Gavin Grant's Tight Suits and All is a delightful, if head-scratching narrative about Japanese movie monsters, superheroes, spaceplanes and potatoes.

And who would have that the a tale of lust, betrayal and fast food could be so delicious? Probably Leslie What, who wrote "Grease and Sex at the King of Chicken".

Ever wonder if O.J. might have been innocent? Anything is possible in the land of  pulp fiction, and Paul DiFilippo digs deep to come up with a wonderful and bizarre assortment of "Pulp Alibis" ranging from alien mutilations to O.J. as the green hornet...with his ever faithful companion Kato, of course.

In Lionel Fanthorpe's "The Haunted Showroom" someone's imagination is working overtime, but is it the author, the character....or your imagination?

Of Joel Jenkins "The Eel and the Adder" in Iron Monster of Death, what can I say, but three chilling words: Massive...Nazi...Robots...and hope I haven't given too much away.

But wait! There's more! I just won't tell you about it. You'll have to beg, borrow, your own copy. But whatever you do, don't forget to read Jeffery Ford's "Deep Space Adventure #32"

Why did fifteen talented writers get together and, under cover of darkness, enlist anonymous minions to create their very own book? Not for the money, since you don't seem to be able to actually buy the JoPPN anywhere (and no ISBN appears on its cover). So it must have been for love of the craft. T'was beauty killed the beast.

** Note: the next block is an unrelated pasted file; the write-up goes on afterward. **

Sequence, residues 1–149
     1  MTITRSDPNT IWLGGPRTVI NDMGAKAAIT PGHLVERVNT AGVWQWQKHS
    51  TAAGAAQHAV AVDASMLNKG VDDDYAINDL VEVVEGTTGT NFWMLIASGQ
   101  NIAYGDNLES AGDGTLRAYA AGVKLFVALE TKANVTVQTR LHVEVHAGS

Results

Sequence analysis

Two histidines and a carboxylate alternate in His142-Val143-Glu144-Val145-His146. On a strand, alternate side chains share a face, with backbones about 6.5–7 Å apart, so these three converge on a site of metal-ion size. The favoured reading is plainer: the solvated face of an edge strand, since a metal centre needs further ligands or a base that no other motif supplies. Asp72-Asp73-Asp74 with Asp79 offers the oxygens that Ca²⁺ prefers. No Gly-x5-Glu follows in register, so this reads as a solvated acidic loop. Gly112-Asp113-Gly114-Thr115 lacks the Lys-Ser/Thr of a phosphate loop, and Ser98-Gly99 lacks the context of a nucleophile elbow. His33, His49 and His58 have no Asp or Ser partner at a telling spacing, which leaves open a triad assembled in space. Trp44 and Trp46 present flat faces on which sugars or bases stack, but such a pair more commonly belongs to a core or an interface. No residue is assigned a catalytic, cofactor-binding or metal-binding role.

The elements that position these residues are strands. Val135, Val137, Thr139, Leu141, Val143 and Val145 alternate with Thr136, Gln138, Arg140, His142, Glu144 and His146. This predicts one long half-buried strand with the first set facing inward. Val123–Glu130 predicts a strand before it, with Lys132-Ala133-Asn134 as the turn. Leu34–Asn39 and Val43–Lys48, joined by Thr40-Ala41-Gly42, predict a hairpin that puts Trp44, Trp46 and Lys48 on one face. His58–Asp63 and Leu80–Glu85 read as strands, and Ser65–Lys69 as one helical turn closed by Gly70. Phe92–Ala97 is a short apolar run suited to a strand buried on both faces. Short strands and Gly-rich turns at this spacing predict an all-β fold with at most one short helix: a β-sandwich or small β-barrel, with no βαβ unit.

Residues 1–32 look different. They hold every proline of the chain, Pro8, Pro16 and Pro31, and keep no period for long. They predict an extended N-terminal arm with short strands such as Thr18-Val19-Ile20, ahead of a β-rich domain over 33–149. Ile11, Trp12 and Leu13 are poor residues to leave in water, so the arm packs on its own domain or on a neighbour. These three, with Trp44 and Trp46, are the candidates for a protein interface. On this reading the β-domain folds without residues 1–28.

From: the webpage of The Journal of Pulse Pounding Narratives

...the already-legendary-probably-one-off-but-possibly-continuing magazine of just plain ripping yarns, moves inexorably towards its premiere, an irresistible juggernaut of thrilling fiction.

Like concrete around a stool pigeonís ankles, the line-up of contributors has begun to solidify. The debut issue will feature stories from:

Paul DiFilippo, Jeffrey Ford, Wil McCarthy, Leslie What, Devon Monk, James L. Cambias, Lionel Fanthorpe & others.

But all will not be thrill-a-minute stories and two-fisted prose. Serious topics dealt with in this issue will include: madness, murder, deceit, revenge, alien life forms, the joys of fatherhood, the tribulations of home ownership, the walking dead, the hovering dead, the artistic process, giant robots, professional football, Nazis, celebrity scandals, the misuse of technology, vampirism, classic monster movies, salad & a cat.

* * *

Truth is Stranger that Fiction!

You can't go to to buy The Journal of Pulse Pounding Narratives. But what if you were to try, anyway? Entering the title into their search engine returns, along with the apology for not having what you were looking for and among other things, these nifty Black Swirl Drawer Pulls (2pk.). for only $6.99. So? So, I have no idea what connection their search engine made between these two things...but the cover design on the journal actually happens to be a black swirl! You can't make this stuff up.

Ernest Lilley is Editor and Publisher of SFRevu. He also writes about technology in his publication TechRevu ( as well as being a frequent contributor in online and print publications like, Digital Camera, Pen Computing and others. He likes station wagons with stick shifts, PDA's with keyboards, and SF with ideas.